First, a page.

South Korea, US, and Japan Conduct Joint Naval Drills in Response to North Korean Missile Test

SEOUL – In a significant display of military cooperation, South Korea, the United States, and Japan have completed joint naval exercises in the waters south of the Korean Peninsula. This development, as announced by the Joint Chiefs of Staff (JCS) on Wednesday, follows North Korea's recent test of a hypersonic missile.

According to Yonhap News Agency, the joint naval drill, which included the participation of the U.S. nuclear-powered aircraft carrier USS Carl Vinson, was conducted from Monday to Wednesday in southeastern waters off Jeju Island. The exercise also saw the involvement of South Korea's Aegis combat system-equipped destroyers and Japan Maritime Self-Defense Force's Kongo-class destroyers. The trilateral exercise began a day after North Korea fired a solid-fuel intermediate-range ballistic missile with a hypersonic warhead into the East Sea, marking its first missile launch this year.

The JCS stated that the primary aim of the exercise was to strengthen the three countries' deterrence and response capabilities against North Korea's nuclear and missile threats, as well as other maritime security challenges. The exercise also focused on countermeasures against the transport of weapons of mass destruction and bolstering trilateral cooperation to uphold the rules-based international order.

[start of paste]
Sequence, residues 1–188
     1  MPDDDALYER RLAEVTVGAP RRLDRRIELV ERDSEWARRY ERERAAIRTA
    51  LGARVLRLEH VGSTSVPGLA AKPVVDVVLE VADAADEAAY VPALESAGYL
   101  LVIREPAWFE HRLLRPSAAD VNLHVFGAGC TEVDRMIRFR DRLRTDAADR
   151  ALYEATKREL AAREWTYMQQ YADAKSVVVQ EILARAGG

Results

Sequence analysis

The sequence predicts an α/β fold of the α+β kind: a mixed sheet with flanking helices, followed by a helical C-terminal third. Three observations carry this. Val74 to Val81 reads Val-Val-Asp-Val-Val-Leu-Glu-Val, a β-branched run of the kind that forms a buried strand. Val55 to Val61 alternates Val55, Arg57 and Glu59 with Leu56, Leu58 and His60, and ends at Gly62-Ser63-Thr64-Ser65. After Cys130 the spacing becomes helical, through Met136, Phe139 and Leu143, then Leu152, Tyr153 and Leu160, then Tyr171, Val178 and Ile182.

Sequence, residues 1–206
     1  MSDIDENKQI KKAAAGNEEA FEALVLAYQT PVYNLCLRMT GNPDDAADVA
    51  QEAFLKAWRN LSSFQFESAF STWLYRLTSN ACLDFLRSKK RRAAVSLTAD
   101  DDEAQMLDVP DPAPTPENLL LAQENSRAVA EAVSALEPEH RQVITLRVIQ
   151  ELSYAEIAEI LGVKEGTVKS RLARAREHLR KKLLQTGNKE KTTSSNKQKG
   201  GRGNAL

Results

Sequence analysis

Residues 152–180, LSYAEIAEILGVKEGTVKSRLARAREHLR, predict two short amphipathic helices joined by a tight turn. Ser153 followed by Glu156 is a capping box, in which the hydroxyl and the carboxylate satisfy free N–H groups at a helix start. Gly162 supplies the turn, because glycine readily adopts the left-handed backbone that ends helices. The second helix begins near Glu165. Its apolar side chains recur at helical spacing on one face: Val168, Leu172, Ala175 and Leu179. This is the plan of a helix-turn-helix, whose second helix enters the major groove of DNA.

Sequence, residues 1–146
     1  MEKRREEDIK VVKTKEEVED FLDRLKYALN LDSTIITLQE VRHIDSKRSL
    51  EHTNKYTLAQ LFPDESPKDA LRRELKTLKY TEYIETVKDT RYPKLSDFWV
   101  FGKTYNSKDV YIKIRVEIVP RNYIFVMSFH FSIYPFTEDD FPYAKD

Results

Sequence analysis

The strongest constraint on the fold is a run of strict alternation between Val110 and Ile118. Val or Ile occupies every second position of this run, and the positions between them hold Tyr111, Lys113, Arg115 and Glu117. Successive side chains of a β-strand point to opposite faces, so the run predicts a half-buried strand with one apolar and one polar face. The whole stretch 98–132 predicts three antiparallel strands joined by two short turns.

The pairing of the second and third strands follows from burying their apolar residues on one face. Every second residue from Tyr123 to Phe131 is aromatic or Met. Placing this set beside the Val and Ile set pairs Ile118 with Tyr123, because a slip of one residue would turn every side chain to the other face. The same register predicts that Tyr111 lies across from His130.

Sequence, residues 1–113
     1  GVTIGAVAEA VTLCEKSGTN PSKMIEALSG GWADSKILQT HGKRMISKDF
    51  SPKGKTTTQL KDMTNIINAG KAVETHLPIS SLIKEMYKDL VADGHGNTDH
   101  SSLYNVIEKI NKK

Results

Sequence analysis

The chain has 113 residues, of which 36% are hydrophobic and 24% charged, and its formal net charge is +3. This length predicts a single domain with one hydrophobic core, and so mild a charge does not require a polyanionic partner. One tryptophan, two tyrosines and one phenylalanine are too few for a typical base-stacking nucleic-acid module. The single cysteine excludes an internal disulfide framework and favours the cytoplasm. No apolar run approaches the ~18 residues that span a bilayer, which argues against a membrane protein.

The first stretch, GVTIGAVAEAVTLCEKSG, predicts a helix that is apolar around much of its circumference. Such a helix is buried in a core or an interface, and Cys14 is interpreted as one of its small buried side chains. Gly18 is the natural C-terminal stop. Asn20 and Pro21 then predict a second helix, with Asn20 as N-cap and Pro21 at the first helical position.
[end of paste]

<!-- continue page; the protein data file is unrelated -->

This trilateral drill is the first of its kind since Washington and its Asian allies implemented a real-time information-sharing system for North Korea's missile launches. Additionally, they agreed to establish a multiyear exercise plan to more effectively counter Pyongyang's evolving threats. Admiral Kim Myung-soo, the JCS chairman, underscored the importance of the trilateral naval drill during his visit to the USS Carl Vinson on the first day of the exercise, pledging to enhance the combined military posture in line with the multiyear plan.

The exercise comes amid heightened security concerns following North Korea's latest test of a hypersonic missile, which poses a significant challenge due to its high speed, at least Mach 5, and advanced maneuverability during flight. North Korean leader Kim Jong-un had previously declared the development of such high-tech weapons as a priority at a party congress in 2021, with the North conducting a test of a liquid-fuel hypersonic missile in January 2022.

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